“Please rise and remove your caps for the singing of our National Anthem.” If you’ve ever been to a sporting event, or any live event for that matter, you’ve likely heard this announcement prior to a rendition of Francis Scott Key’s Star-Spangled Banner.
An act so habitual we often forget we do it, standing for the National Anthem has recently become a subject of heated debate. The controversy began when San Francisco 49ers quarterback Colin Kaepernick knelt for the National Anthem before an August 26 preseason game against the Green Bay Packers.
Following Kaepernick’s initial act, athletes across the NFL have followed suit. The gesture is a protest against the racial injustice and police brutality that plagues people of color across the United States.
I agree that Colin Kaepernick has every right to stand up for what he believes in and sit down for the National Anthem. I also agree that he is protesting for good reason – there is no place for racism and oppression in America. What I can’t agree with, however, is what took place this past Sunday as the NFL season kicked off.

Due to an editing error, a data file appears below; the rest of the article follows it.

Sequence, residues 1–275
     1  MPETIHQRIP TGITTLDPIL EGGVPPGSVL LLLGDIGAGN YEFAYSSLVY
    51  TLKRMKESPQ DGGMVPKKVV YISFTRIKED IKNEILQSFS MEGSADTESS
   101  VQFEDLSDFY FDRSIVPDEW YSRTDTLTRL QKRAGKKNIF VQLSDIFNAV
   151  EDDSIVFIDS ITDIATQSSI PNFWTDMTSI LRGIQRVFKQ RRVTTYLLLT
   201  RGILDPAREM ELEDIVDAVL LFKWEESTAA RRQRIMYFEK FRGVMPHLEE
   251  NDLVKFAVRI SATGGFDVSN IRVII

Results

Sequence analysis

I wonder if Colin Kaepernick considered that the first Sunday of the season fell on September 11 as he planned his protest? I wonder if he considered how horrible the attacks of September 11, 2001 still make people feel, fifteen years after the fact? I wonder if he considered the meaning of his actions on a day that, although forever tragic, now serves as a day of immense American pride?
It is understandable, then, that Kaepernick and his fellow protesters have been the subject of extra scrutiny since boycotting the National Anthem on Sunday. And as a New York City native who spent September 11, 2001 locked in my first grade classroom, I can’t say that I feel bad for them, at least not this time.
As the ringleader, Kaepernick could have cemented himself as a major player in the contemporary fight against racism had he acted a little differently on Sunday. Had he merely acknowledged the events of September 11, 2001 and those who sacrificed everything in the process, he would now be seen as a man both valiant in his beliefs and understanding of those who disagree with them. Instead, Kaepernick spent yesterday adding salt to the wound by retweeting those with him in protest.
Like I said, I have no problem with the gesture – freedom of expression is a fundamental value that shouldn’t be messed with – or the meaning behind it. What I can’t stand, however, is the blatant disrespect for so many people on a day that means so much.
So what’s next for Colin Kaepernick? I’m not sure, but since he lost his starting job, he’ll be sitting long after the next National Anthem ends.
On the bright side, at least he has more time to think of how not to screw up again.